Among other things, the H.R. 5461 would adjust the definition of “points and fees” in section 103(bb)(4) of the Truth in Lending Act (15 U.S.C. § 1602(bb)(4)) for purposes of determining whether a residential mortgage loan is a “qualified mortgage.” In order to meet the definition of a “qualified mortgage” and gain the legal protections afforded by that status, points and fees generally may not exceed 3 percent of the loan principal amount. Currently, charges for title examination, title insurance or similar purposes are included in the points and fees calculation unless (i) the charge is reasonable; (ii) the creditor receives no direct or indirect compensation for the charge; and (iii) the charge is paid to a third party unaffiliated with the creditor.

H.R. 5461 would expand the exclusion for title charges from the points and fees calculation to also exempt reasonable charges that are retained either by the creditor or its affiliate as a result of their participation in an affiliated business arrangement under the Real Estate Settlement Procedures Act (12 U.S.C. § 2602(7)). This exclusion also would apply for purposes of determining status as a high cost mortgage loan.

These changes previously passed the House on June 9th as a part of the Mortgage Choice Act (H.R. 3211). The bill will now go back to the Senate for consideration.

Senate Passes Bill Addressing Sharing of Information by CFPB with State Agencies

On September 18th, the U.S. Senate passed a bill (H.R. 5062) that will require the CFPB to coordinate its supervision of non-depository institutions with the state regulatory agencies that also have authority to regulate those institutions. The bill would also amend the Consumer Financial Protection Act to provide that the sharing of information by the CFPB with such state agencies does not waive any privilege claimed by the non-depository institutions. The bill was already passed by the U.S. House of Representatives in July. It will take effect on the same day that it is signed by the President.

Upcoming CFPB Events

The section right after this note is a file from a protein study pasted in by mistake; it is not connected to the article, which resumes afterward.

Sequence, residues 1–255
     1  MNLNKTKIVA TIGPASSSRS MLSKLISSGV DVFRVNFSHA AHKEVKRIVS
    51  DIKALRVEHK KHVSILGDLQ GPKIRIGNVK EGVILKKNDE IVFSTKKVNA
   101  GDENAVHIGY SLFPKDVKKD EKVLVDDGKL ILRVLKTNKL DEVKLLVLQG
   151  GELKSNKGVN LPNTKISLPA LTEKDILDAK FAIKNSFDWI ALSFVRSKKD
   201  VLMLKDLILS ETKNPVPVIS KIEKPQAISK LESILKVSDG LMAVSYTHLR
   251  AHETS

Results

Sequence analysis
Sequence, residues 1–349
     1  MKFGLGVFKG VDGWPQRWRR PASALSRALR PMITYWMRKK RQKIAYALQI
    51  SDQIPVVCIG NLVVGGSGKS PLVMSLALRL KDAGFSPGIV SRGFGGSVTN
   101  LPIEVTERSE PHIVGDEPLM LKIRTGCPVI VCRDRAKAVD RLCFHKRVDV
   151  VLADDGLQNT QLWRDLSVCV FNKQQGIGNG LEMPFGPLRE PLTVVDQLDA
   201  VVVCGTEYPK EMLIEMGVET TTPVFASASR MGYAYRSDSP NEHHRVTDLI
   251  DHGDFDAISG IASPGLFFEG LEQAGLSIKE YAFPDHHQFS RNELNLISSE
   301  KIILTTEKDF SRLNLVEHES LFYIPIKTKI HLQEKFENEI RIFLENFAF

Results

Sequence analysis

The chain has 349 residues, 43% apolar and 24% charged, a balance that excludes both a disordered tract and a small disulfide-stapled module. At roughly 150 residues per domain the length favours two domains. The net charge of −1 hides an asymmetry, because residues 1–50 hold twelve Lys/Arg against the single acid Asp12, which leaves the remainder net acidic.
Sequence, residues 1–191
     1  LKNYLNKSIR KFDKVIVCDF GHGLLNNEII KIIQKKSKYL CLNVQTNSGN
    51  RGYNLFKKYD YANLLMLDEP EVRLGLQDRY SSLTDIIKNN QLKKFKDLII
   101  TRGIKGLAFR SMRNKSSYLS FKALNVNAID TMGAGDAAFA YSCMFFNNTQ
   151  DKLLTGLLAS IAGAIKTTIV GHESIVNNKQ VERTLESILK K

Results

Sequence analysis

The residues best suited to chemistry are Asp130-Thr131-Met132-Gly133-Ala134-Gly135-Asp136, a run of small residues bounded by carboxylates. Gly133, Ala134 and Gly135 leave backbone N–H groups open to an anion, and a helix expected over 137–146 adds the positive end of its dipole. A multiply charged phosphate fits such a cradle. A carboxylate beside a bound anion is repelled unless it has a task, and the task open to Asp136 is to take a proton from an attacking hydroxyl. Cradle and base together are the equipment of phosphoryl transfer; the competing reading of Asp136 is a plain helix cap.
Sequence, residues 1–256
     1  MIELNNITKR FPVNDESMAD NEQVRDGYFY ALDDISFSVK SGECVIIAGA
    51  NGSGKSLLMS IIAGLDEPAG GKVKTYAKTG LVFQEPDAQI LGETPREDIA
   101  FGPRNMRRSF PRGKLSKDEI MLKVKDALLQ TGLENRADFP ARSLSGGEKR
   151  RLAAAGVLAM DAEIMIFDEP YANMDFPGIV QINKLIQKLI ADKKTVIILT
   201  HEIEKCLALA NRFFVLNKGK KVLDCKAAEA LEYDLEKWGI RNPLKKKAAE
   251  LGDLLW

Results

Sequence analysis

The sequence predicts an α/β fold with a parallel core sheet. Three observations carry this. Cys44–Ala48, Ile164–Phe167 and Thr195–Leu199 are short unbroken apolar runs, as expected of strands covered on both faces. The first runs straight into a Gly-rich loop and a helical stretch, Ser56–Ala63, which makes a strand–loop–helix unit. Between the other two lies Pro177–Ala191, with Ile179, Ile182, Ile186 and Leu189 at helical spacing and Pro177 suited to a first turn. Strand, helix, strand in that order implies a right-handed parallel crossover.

Credit Union Advisory Council Meeting 

The CFPB will hold a meeting of its Credit Union Advisory Council on October 1st from 3:30 p.m. to 5:30 p.m. at the CFPB’s headquarters in Washington, D.C. The meeting will include remarks from Director Richard Cordray and the discussion will focus on overdrafts and consumer complaints. Attendees must RSVP for the event. The meeting agenda has been published and a recording of the event will be made public later.

Webinar on TILA-RESPA Integrated Disclosure Rule 

The CFPB will co-host a webinar with the Federal Reserve on October 1st on the TILA-RESPA Integrated Disclosure Rule (TRID). This will be the third in a series of discussions on TRID. This webinar will address questions that the CFPB has received from the industry regarding TRID implementation, as well as issues raised regarding completion of the Loan Estimate. A recording of the webinar will be made available on the CFPB’s website.

Forum on Checking Account Screening Policies

The CFPB will host a forum on October 8th at 8:30 a.m. in Washington, D.C., addressing checking account screening policies and practices and the effect that such practices have on consumers’ ability to acquire and use checking account products. The forum will include remarks from Director Richard Cordray and presentations from consumer groups, federal and local government officials and industry representatives. The event is open to public, but an RSVP is required.